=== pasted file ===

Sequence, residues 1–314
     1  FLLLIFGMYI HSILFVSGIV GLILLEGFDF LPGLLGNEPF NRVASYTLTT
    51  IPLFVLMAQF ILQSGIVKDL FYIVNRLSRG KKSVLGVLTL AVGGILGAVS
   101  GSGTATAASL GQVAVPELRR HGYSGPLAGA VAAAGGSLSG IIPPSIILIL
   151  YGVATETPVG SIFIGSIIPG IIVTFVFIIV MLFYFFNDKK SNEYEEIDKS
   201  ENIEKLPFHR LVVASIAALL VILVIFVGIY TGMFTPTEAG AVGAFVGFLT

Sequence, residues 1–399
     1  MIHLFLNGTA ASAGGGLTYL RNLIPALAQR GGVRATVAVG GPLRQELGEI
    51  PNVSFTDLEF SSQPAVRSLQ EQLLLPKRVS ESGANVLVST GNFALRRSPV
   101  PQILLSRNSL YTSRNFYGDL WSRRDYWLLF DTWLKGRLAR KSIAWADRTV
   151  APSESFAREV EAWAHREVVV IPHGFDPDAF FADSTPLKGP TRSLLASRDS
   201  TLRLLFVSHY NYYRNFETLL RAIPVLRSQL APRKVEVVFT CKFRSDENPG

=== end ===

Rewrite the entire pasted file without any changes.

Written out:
Sequence, residues 1–314
     1  FLLLIFGMYI HSILFVSGIV GLILLEGFDF LPGLLGNEPF NRVASYTLTT
    51  IPLFVLMAQF ILQSGIVKDL FYIVNRLSRG KKSVLGVLTL AVGGILGAVS
   101  GSGTATAASL GQVAVPELRR HGYSGPLAGA VAAAGGSLSG IIPPSIILIL
   151  YGVATETPVG SIFIGSIIPG IIVTFVFIIV MLFYFFNDKK SNEYEEIDKS
   201  ENIEKLPFHR LVVASIAALL VILVIFVGIY TGMFTPTEAG AVGAFVGFLT

Sequence, residues 1–399
     1  MIHLFLNGTA ASAGGGLTYL RNLIPALAQR GGVRATVAVG GPLRQELGEI
    51  PNVSFTDLEF SSQPAVRSLQ EQLLLPKRVS ESGANVLVST GNFALRRSPV
   101  PQILLSRNSL YTSRNFYGDL WSRRDYWLLF DTWLKGRLAR KSIAWADRTV
   151  APSESFAREV EAWAHREVVV IPHGFDPDAF FADSTPLKGP TRSLLASRDS
   201  TLRLLFVSHY NYYRNFETLL RAIPVLRSQL APRKVEVVFT CKFRSDENPG